Another answer has already given a thorough breakdown of your case specifically, but I'd just like to address your notion of "trivial rep".
I have currently have two answers that have over 100 upvotes, but those are hardly my best answers. Massive piles of upvotes are enabled in large part by the domain of the question rather than purely the quality of the answer. Those gold-badge answers are simply some of my typical answers that happened to be on specific topics that attracted wide interest.
Meanwhile, I have dozens and dozens of answers that I'm quite proud of (for their carefully crafted explanations or meticulous research) that have seen no more than one or two upvotes because they're on topics that don't command long-term mass attention. If you keep at it for years, you'll eventually stumble into a question or two that garners dozens of upvotes over the next several years. When I wrote my top-rated answers, I didn't finish them and say, "Yes, my masterpiece! Surely this will finally get me that Great Answer badge!" Each was just another question that I answered as well as I could, and then people kept discovering it because it matched popular search terms on Google.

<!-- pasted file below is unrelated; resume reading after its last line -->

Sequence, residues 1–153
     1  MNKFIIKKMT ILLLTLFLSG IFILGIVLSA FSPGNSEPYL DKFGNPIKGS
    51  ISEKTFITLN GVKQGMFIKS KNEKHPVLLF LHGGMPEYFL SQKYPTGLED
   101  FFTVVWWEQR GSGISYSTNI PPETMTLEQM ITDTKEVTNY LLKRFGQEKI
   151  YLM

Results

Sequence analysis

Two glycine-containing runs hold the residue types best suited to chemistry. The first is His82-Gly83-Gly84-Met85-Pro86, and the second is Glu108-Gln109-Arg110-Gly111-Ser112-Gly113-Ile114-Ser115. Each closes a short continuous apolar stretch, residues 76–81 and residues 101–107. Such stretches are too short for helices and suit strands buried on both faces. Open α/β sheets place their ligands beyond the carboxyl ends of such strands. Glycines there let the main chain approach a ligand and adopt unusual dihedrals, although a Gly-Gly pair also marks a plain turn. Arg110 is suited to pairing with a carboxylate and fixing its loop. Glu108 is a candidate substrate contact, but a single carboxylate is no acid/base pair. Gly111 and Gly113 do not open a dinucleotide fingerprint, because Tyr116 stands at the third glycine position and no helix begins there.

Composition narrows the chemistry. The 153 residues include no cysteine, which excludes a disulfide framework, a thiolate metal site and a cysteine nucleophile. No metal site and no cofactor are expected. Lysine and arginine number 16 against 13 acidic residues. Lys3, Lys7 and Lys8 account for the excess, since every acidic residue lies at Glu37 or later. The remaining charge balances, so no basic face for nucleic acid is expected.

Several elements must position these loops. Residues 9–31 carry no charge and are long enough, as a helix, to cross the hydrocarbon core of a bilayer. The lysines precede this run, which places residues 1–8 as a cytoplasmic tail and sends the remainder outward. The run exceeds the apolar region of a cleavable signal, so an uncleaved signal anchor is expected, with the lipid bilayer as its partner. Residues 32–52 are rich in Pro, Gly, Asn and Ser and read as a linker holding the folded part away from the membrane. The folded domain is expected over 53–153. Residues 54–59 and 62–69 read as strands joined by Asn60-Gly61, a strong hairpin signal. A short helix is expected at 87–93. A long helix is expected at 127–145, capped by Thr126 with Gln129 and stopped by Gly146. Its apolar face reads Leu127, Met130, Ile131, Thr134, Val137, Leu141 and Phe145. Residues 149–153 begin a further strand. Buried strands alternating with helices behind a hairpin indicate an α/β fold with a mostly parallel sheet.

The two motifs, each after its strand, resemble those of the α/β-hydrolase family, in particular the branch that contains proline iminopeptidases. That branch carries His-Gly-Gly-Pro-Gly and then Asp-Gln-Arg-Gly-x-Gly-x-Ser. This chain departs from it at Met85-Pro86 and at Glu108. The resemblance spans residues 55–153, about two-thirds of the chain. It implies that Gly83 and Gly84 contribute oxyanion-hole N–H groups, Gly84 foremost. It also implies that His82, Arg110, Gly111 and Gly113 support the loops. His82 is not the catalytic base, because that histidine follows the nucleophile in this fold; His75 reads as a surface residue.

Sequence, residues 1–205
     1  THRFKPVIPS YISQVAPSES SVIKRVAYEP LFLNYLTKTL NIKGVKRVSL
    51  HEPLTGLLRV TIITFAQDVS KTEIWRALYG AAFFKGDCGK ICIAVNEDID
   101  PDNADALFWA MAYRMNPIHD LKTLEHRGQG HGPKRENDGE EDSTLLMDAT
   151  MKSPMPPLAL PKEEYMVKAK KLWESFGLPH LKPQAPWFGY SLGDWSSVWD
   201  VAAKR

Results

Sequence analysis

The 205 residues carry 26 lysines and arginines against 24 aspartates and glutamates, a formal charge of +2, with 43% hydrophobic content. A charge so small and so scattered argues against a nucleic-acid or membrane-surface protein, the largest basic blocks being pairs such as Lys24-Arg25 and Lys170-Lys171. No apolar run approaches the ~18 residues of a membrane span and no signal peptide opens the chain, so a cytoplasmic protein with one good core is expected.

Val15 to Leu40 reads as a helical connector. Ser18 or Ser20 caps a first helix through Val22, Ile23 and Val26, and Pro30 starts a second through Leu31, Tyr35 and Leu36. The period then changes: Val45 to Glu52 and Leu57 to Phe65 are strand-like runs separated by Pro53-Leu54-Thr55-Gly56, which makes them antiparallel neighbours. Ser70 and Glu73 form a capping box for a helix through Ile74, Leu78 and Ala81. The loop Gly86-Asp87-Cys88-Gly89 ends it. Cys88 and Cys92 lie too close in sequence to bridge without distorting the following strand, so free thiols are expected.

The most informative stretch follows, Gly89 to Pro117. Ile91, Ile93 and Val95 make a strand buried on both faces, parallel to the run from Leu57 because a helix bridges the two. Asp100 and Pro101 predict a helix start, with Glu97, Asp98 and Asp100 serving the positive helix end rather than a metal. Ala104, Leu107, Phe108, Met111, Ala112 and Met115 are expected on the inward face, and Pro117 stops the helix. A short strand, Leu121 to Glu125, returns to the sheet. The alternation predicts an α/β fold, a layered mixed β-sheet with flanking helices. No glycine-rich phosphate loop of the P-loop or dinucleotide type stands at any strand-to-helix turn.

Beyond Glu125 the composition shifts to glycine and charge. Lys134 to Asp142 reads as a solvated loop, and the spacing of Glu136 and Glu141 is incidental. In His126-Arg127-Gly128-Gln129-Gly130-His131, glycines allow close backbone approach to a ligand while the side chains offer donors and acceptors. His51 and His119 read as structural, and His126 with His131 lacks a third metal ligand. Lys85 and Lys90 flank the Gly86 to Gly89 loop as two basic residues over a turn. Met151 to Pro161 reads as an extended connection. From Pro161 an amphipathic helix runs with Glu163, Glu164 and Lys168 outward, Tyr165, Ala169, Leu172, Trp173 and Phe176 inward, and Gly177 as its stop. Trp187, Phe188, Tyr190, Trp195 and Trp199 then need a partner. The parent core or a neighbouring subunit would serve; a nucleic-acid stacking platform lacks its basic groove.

I'd say, in general, that a wide spread of helpful answers is vastly more valuable than a one or two spectacularly popular answers. I would be much more satisfied at having solved hundreds of problems than at having struck gold by being the first to answer on a question that later turns out to have celebrity appeal.
Who knows? You may have already written such an answer, and it simply needs time to attract long-term attention from people with voting privileges.